As we all know, Microsoft SQL Server Integration Services packages are used to transfer data from different sources to different destinations such as files, Excel Worksheets, SQL Database, Oracle Database. To extract the data or to insert data, we need an appropriate SSIS Connection Manager.
The SSIS Connection Manager includes Connection Strings, which is the combination of Server instance Name, Database Name, provider Name, and credentials.
Built-in SSIS Connection Manager
SQL Server Integration Services provides different types of built-in Connection Managers. The SSIS package will connect to different types of Data Sources such as Oracle, Access, Excel, Text File, SQL Server, SQL Server Analysis Services using Connection Manager. The below table shows the list of SSIS Connection Manager
Please refer to the Cache Connection Manager article to understand the configuration settings.
|SIS Connection Manager||Description|
|ADO||It is used to connect with ActiveX Data Objects. Or it can be called an ADO object. Please refer ADO Connection Manager article to understand the configuration settings.|
|ADO.NET||This is used to connect to a data source by using a .NET provider. Please refer ADO.NET Connection Manager article.|
|CACHE||Reads data from the data flow or a cache file (.caw) and can save data to the cache file.|
|DQS||Connects to a Data Quality Services server and a Data Quality Services database on the server.|
|EXCEL||Connects to an Excel workbooks file. Please refer to Excel Connection Manager to understand the configuration settings.|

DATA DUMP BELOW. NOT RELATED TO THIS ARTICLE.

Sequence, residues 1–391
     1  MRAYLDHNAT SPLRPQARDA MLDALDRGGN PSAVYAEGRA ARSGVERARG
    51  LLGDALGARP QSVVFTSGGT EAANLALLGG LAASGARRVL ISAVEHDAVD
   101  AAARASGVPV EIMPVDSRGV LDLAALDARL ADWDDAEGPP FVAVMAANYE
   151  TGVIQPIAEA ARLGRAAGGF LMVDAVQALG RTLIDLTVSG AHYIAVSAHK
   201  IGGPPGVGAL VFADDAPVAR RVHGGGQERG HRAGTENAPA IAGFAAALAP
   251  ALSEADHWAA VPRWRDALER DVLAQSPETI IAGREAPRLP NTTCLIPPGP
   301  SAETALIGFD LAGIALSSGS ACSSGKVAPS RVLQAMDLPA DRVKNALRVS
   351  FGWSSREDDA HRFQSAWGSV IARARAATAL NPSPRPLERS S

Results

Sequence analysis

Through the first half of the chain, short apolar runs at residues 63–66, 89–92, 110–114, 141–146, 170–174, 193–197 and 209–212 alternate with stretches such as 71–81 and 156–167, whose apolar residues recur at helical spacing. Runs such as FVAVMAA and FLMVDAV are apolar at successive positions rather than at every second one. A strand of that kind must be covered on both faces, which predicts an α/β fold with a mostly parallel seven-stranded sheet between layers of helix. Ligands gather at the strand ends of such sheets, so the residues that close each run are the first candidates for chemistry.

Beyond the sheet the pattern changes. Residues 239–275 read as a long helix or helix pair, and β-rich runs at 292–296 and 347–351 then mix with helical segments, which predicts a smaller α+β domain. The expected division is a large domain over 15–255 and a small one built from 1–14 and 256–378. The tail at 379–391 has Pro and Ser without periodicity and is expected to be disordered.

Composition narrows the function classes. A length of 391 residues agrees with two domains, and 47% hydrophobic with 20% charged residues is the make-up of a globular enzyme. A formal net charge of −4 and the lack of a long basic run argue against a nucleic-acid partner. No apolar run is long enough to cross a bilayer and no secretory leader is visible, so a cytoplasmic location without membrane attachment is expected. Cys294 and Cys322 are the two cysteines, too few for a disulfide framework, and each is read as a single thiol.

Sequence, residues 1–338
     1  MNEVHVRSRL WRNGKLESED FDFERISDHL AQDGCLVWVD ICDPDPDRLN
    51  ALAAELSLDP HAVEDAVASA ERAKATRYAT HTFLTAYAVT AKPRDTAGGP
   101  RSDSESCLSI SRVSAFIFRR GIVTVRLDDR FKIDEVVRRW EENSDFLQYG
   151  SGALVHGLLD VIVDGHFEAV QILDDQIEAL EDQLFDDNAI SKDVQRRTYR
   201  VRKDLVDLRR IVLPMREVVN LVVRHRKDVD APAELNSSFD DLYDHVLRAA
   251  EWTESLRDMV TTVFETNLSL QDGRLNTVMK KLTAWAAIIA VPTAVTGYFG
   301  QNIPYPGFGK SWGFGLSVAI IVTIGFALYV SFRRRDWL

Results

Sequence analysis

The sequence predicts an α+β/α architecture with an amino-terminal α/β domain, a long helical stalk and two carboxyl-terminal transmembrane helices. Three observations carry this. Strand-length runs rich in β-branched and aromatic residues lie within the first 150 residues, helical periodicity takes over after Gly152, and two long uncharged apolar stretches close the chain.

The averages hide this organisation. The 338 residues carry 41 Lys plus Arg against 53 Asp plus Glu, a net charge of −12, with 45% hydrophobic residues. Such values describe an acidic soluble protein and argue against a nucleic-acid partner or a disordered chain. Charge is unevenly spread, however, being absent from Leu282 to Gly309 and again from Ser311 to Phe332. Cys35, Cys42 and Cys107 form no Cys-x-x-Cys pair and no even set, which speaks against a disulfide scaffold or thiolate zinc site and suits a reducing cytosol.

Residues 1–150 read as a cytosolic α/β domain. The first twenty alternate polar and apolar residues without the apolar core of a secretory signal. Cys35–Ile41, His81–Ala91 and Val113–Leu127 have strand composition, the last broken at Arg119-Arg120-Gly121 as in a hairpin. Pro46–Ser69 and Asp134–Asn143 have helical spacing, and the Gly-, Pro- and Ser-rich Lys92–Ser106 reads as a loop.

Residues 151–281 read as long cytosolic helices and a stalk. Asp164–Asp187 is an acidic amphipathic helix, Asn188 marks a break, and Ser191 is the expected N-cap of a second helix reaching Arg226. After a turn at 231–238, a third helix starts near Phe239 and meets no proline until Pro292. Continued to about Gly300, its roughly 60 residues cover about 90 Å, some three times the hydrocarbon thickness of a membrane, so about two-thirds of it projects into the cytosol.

|FILE||Connects to a file or a folder. Please see the File Connection Manager to know the configuration settings.|
|FLATFILE||Connect to data in a single flat file.|
|FTP||This will connect to an FTP server. Please refer to the FTP Connection Manager.|
|HTTP||Connects to a web server.|
|MSMQ||Connects to a message queue.|
|MSOLAP100||Connects to an instance of SQL Server Analysis Services or an Analysis Services project.|
|MULTIFILE||Connects to multiple files and folders.|
|MULTIFLATFILE||Connects to multiple data files and folders.|
|OLE DB||Connects to a data source by using an OLE DB provider. Please refer OLE DB Connection Manager article to understand the configuration settings.|
|ODBC||Connects to a data source by using ODBC.|
|SMOSERVER||Connects to a SQL Server Management Objects (SMO) server. Please refer SMO Connection Manager article to understand the configuration settings.|
|SMTP||Connects to an SMTP mail server.|
|SQL MOBILE||Connects to a SQL Server Compact database.|
|WMI||Connects to a server and specifies the scope of Windows Management Instrumentation (WMI) management on the server.|
Configuring SSIS Connection Manager
In SQL Server Integration Services, there are two types of Connection managers: Package Level Connection Managers and Project Level Connection Managers
Configuring Project Level Connection Manager in SSIS
If you configure the Project Level SSIS Connection Manager, then the connection available to all the packages we created under that project. If you need that connection in multiple packages, then it is good practice to create Project Level Connection Managers in SSIS.
TIP: In real-time, we mostly use Project Level Connection Managers. But there are some situations where we use package-level connection managers.